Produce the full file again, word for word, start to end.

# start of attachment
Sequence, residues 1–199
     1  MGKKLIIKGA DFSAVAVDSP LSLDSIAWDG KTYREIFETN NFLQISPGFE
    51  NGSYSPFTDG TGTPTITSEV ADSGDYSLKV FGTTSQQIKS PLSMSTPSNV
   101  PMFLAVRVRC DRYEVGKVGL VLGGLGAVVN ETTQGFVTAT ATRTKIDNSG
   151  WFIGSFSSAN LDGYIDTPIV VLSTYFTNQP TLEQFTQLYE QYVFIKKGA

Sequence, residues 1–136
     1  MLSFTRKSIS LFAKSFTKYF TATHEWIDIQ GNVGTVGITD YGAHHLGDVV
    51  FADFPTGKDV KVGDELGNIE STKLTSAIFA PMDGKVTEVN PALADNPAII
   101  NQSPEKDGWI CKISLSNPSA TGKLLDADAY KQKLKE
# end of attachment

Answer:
Sequence, residues 1–199
     1  MGKKLIIKGA DFSAVAVDSP LSLDSIAWDG KTYREIFETN NFLQISPGFE
    51  NGSYSPFTDG TGTPTITSEV ADSGDYSLKV FGTTSQQIKS PLSMSTPSNV
   101  PMFLAVRVRC DRYEVGKVGL VLGGLGAVVN ETTQGFVTAT ATRTKIDNSG
   151  WFIGSFSSAN LDGYIDTPIV VLSTYFTNQP TLEQFTQLYE QYVFIKKGA

Sequence, residues 1–136
     1  MLSFTRKSIS LFAKSFTKYF TATHEWIDIQ GNVGTVGITD YGAHHLGDVV
    51  FADFPTGKDV KVGDELGNIE STKLTSAIFA PMDGKVTEVN PALADNPAII
   101  NQSPEKDGWI CKISLSNPSA TGKLLDADAY KQKLKE